Key Metrics for an MVP eCommerce Store

When launching an MVP eCommerce store, it is essential to track key metrics to measure the success and effectiveness of your product. Here are some key metrics to consider:

Conversion Rate

The conversion rate is the percentage of visitors who make a purchase on your eCommerce store. This metric is crucial as it measures the effectiveness of your store’s design, product offerings, and pricing strategy.

If you’re not seeing the results you want, it might be time to make changes to your SEO strategy, paid ads, and email campaigns. And if transactions are low, don’t hesitate to work with your UX and design teams to make your site more user-friendly.

Cart Abandonment Rate

One of the main reasons why B2B businesses have a higher rate of cart abandonment is that buyers have many requirements and touchpoints they have to handle before carrying on with their online purchases. Using your MVP, you should focus on identifying the friction points. If you notice any issues, try simplifying your forms and order fields, offering guest checkout, or adding more payment options.

Average Order Value

AOV tells you the average size of a sale, or value per order. The idea behind calculating AOV is to look at the size of sales, and try to maximize that number.

If you want to increase order size, consider how you present and recommend products on your website. Have you thought about saving items to customers’ carts in case they leave your site? This is a great way to increase order size and improve the overall shopping experience.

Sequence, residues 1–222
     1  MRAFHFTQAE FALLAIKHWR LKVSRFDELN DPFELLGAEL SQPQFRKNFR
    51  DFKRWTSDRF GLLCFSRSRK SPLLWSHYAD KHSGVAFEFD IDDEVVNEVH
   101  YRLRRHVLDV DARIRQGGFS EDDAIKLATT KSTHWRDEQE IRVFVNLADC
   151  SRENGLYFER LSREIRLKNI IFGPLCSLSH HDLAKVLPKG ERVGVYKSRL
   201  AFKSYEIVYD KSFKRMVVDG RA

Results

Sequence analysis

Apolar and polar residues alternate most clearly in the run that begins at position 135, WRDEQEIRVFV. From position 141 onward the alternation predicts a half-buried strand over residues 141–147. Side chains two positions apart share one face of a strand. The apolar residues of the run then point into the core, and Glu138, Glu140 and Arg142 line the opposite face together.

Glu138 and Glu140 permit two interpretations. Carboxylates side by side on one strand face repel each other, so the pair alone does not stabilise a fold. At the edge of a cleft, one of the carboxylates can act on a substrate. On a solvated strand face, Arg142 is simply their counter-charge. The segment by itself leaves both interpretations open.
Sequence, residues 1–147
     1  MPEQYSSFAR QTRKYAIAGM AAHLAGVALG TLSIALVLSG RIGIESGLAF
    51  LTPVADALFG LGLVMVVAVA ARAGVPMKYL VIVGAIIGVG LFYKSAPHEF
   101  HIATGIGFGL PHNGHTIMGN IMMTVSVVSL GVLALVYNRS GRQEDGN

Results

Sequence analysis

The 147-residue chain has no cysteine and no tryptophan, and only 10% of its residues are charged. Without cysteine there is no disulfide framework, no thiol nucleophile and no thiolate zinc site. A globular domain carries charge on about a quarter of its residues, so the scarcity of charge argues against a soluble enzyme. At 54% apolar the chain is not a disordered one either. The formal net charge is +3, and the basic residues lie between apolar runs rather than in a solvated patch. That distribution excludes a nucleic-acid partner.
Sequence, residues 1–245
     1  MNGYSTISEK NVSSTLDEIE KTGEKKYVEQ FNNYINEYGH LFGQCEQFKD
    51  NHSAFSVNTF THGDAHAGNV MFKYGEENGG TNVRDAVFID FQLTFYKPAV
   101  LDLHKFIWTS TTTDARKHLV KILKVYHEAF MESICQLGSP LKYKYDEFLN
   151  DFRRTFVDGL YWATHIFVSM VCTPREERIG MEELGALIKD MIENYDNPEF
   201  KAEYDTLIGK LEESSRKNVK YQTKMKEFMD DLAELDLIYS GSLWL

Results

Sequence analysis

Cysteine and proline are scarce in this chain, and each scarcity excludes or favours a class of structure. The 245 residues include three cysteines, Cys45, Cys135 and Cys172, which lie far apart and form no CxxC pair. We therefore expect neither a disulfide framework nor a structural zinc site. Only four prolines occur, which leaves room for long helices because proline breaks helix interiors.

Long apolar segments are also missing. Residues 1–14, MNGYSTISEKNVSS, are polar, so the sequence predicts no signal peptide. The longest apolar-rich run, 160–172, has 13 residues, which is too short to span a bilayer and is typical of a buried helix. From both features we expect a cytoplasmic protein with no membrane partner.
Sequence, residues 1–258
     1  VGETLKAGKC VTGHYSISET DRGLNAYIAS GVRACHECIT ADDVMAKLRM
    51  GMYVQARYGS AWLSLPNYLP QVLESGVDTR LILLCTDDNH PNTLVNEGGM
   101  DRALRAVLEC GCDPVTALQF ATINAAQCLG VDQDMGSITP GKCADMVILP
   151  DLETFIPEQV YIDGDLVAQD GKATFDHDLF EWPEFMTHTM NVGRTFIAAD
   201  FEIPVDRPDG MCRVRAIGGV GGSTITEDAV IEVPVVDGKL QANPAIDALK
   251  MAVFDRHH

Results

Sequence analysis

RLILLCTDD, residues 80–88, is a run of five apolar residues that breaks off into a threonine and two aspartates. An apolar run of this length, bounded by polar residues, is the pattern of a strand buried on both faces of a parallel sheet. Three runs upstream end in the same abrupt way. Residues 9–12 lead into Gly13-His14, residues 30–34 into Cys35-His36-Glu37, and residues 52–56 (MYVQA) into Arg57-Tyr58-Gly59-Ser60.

Conclusion: An MVP Is the First Step to B2B eCommerce Success

Changes bring opportunities, but without the right technology, it’s easy to fall behind. For the early adopters, the MVP approach can bridge the gap between new digital commerce technology and your B2B business, helping you save money during development and roll out a product that suits your unique needs.

For the MVP approach to work, you need sufficient features to launch an MVP, but also the flexibility to support every feedback/improvement loop that will follow.

Unfortunately, not every vendor can accommodate the MVP needs of every brand. Many technology products and solution providers are simply not agile and flexible enough to support the creation of MVPs.

Start by talking to your eCommerce solutions vendor and asking about their implementation solution providers. Don’t compromise on your MVP, and look for partners that offer the features and agility to meet your needs within a given time and budget.

MVP Approach to B2B eCommerce: A Comprehensive Guide

Ease your way into the new technology

MVP for eCommerce: Frequently Asked Questions

Is MVP possible in online retail business?

Yes, an MVP is possible in an online retail business. In fact, many successful online retailers have started with an MVP to test their business model idea and see if there is a market for their product. An MVP allows entrepreneurs to launch their business quickly and with minimal resources, while still providing a valuable product to their customers.

What are the 3 elements of an MVP?

The three essential elements of an MVP (Minimum Viable Product) are:

1. The MVP should have the minimum set of features required to solve the primary problem or provide value to the user.

2. The MVP should be a functional product that can be used by customers and provide them with a good user experience.

3. The MVP should be a product that can be sold to customers, even if it’s not a complete or fully-featured version of the final product.

By focusing on these three elements, businesses can create an MVP that allows them to test their product idea quickly, gather feedback, and iterate on their product to improve it over time.

What is MVP in product development?

MVP stands for Minimum Viable Product, which is a product development strategy that involves creating a basic version of a product with a minimum set of features required to solve the primary problem or provide value to the user. The goal of an MVP is to test the product idea, gather customer feedback, and iterate on the product to improve it over time.